Imagine finding out you are pregnant and, only 10 weeks in, learning that your baby has a rare condition that is likely to take its life. What would you do? This is exactly the situation New Jersey mom, Maria Santa Maria, was faced with when she learned that her unborn baby had a rare condition called, exencephaly. Doctors told Maria that the condition is fatal and that her baby wouldn't survive because he would be born missing parts of his skull.
Maria said that upon finding out the news, her doctors "recommended abortion" but that she could not go through with that decision. Instead, she carried him to term and prepared her three daughters for their baby brother's short life.
When she delivered her baby, Lucas, Maria allowed her three daughters to come in and meet him before his inevitable passing. However, Dr. Tim Vogel with North Jersey Brain and Spine Center evaluated Lucas and noted that despite missing part of his skull, he was an otherwise healthy baby. So, he decided to give the baby a fighting chance "by closing the skin around his exposed brain tissue" only four days after birth.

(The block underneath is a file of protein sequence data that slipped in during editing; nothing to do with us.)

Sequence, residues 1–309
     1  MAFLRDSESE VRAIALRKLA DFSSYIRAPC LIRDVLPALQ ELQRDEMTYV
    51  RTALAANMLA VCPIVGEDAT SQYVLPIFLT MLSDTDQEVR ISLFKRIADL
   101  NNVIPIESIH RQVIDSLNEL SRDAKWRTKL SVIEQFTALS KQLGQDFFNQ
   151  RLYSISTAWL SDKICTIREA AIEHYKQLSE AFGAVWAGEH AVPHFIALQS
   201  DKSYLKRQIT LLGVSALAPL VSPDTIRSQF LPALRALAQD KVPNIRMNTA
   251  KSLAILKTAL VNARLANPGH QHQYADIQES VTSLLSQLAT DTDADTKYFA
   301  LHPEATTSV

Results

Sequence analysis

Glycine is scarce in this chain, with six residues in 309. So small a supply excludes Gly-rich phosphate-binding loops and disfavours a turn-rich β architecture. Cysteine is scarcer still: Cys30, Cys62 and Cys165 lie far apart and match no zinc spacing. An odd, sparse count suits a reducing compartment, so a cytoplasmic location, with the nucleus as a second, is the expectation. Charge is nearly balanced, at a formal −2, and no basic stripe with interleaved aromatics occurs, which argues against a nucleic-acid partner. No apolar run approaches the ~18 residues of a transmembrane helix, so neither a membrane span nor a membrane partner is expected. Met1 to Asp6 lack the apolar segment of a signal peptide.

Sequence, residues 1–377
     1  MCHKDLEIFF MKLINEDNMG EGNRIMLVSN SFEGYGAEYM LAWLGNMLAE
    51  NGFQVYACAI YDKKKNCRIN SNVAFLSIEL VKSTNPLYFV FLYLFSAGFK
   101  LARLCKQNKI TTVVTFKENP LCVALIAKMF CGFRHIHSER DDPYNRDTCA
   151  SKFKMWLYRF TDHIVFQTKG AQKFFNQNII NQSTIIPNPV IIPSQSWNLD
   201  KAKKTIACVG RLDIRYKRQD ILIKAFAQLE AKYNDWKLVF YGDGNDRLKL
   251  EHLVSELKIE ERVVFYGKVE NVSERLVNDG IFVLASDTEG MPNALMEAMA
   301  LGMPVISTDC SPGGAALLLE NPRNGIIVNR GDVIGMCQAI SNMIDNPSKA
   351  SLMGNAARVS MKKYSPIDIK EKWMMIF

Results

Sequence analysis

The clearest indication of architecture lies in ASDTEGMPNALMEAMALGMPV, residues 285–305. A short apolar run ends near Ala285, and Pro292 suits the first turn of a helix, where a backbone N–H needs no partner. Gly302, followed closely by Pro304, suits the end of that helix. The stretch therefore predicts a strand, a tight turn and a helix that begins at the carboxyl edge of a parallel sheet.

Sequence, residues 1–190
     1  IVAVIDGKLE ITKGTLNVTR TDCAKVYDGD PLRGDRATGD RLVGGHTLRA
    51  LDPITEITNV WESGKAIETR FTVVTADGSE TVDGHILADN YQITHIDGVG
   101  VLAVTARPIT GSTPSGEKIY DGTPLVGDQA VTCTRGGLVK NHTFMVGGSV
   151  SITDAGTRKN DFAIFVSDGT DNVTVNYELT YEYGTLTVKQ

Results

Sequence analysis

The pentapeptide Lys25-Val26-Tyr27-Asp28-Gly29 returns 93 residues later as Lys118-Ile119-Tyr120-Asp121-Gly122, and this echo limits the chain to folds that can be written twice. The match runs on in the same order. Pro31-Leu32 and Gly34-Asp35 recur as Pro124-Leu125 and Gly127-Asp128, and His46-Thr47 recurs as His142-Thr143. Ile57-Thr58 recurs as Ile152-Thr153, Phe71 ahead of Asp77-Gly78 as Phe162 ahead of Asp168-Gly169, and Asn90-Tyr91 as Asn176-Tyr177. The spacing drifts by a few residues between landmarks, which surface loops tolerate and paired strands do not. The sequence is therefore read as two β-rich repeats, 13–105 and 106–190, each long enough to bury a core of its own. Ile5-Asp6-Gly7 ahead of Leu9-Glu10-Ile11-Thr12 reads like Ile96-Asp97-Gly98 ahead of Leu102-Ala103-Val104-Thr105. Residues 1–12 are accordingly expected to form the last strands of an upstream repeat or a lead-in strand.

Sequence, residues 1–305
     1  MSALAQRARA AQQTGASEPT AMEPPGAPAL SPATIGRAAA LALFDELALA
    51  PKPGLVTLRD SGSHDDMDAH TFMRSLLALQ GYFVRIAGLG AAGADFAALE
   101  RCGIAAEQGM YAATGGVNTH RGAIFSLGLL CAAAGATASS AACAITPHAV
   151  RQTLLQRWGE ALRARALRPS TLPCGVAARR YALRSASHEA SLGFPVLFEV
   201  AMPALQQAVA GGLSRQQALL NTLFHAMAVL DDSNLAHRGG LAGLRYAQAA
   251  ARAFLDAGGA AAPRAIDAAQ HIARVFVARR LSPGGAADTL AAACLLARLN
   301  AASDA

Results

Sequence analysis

Much to everyone's surprise, Lucas made it through the surgery and continued to thrive.
Now, Lucas is seven months old and is the first baby to survive this long with the condition. He still has a long road ahead of him, including multiple surgeries and medical intervention, and not much is known about how he will develop physically or mentally since he is the first to survive to this point.
Dr. Vogel is cautiously optimistic about Lucas' future at this point. The sweet baby has a strong "will to live" and Dr. Vogel says "it's just awesome to be a part of something that is so unique, and to really know there's a promising future for Lucas." In fact, Lucas is "exceeding expectations" in terms of development. Like any seven-month-old, he is working towards crawling, eating well, and making huge strides in physical therapy. To say Dr. Vogel is amazed is a huge understatement.
Maria is obviously thrilled about the progress Lucas is making, and the time she's been able to spend with him. She was prepared to hold him in her arms for a day at most, so to witness him thriving well past his prognosis is a miracle to her.
Hopefully, Lucas is the first of many babies to survive and thrive despite the condition.